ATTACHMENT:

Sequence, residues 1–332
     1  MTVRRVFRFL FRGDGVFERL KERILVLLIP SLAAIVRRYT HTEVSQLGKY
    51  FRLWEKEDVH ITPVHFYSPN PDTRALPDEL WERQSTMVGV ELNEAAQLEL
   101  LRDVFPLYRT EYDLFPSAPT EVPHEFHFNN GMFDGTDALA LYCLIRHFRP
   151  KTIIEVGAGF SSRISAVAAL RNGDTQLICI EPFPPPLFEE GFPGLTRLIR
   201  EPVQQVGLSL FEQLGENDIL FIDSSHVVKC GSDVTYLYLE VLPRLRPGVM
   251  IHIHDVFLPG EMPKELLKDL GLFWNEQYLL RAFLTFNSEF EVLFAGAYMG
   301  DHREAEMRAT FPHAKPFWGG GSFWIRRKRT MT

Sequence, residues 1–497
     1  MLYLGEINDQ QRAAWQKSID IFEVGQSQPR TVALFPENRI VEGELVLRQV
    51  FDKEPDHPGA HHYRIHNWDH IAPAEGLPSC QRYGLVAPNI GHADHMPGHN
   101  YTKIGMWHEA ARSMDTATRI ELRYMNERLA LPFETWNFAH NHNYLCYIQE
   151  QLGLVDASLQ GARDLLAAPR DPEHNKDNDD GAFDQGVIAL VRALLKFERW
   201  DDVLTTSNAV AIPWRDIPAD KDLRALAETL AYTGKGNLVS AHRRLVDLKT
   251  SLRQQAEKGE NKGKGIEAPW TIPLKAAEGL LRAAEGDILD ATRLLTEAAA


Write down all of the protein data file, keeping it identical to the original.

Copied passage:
Sequence, residues 1–332
     1  MTVRRVFRFL FRGDGVFERL KERILVLLIP SLAAIVRRYT HTEVSQLGKY
    51  FRLWEKEDVH ITPVHFYSPN PDTRALPDEL WERQSTMVGV ELNEAAQLEL
   101  LRDVFPLYRT EYDLFPSAPT EVPHEFHFNN GMFDGTDALA LYCLIRHFRP
   151  KTIIEVGAGF SSRISAVAAL RNGDTQLICI EPFPPPLFEE GFPGLTRLIR
   201  EPVQQVGLSL FEQLGENDIL FIDSSHVVKC GSDVTYLYLE VLPRLRPGVM
   251  IHIHDVFLPG EMPKELLKDL GLFWNEQYLL RAFLTFNSEF EVLFAGAYMG
   301  DHREAEMRAT FPHAKPFWGG GSFWIRRKRT MT

Sequence, residues 1–497
     1  MLYLGEINDQ QRAAWQKSID IFEVGQSQPR TVALFPENRI VEGELVLRQV
    51  FDKEPDHPGA HHYRIHNWDH IAPAEGLPSC QRYGLVAPNI GHADHMPGHN
   101  YTKIGMWHEA ARSMDTATRI ELRYMNERLA LPFETWNFAH NHNYLCYIQE
   151  QLGLVDASLQ GARDLLAAPR DPEHNKDNDD GAFDQGVIAL VRALLKFERW
   201  DDVLTTSNAV AIPWRDIPAD KDLRALAETL AYTGKGNLVS AHRRLVDLKT
   251  SLRQQAEKGE NKGKGIEAPW TIPLKAAEGL LRAAEGDILD ATRLLTEAAA